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Hoffmann, R. A wiki for the life sciences where authorship matters. Nature Genetics (2008)

Cloning, yeast expression, and characterization of the coupling of two distantly related Arabidopsis thaliana NADPH-cytochrome P450 reductases with P450 CYP73A5.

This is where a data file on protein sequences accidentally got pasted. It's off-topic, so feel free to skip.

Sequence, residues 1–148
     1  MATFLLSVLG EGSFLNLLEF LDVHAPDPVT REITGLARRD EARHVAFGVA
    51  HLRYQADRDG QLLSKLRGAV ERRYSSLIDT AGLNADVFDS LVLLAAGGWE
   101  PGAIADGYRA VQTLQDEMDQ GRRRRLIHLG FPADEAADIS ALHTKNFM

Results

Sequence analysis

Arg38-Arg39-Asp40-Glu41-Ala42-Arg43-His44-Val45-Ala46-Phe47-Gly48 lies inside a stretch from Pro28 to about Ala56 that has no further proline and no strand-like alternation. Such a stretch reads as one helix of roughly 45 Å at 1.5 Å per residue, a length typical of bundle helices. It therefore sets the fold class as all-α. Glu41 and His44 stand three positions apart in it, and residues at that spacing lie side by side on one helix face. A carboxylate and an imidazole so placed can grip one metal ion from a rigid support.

Two NADPH-cytochrome P450 reductase- encoding cDNAs were isolated from an Arabidopsis cDNA library by metabolic interference in a Saccharomyces cerevisiae mutant disrupted for its endogenous cpr1 gene. ATR1 encodes a protein of 692 amino acids, while ATR2 encodes either a 712-residue protein (ATR2-1), or a 702-residue protein (ATR2-2) depending on the choice of the initiation codon. Comparative analysis of ATR1 and ATR2-1 indicates 64% amino acid sequence identity and the absence of conservation in the third base of conserved amino acid codons. The two Arabidopsis reductases are encoded by distinct genes whose divergence is expected an early event in angiosperms evolution. A poly(Ser/Thr) stretch reminiscent of a plant chloroplastic targeting signal is present at the ATR2-1 N-terminal end but absent in ATR1. The cDNA open reading frames were expressed in yeast. The recombinant polypeptides were found present in the yeast endoplasmic reticulum membrane and exhibited a high specific NADPH-cytochrome c reductase activity. To gain more insight into the respective functions of the two reductases, the Arabidopsis cDNA encoding cinnamate 4-hydroxylase (CYP73A5) was cloned and co-expressed with ATR1 or ATR2 in yeast. Biochemical characterization of the Arabidopsis ATR1/CYP73A5 and ATR2-1/CYP73A5 systems demonstrates that the two distantly related Arabidopsis reductases similarly support the first oxidative step of the phenylpropanoid general pathway.[1]


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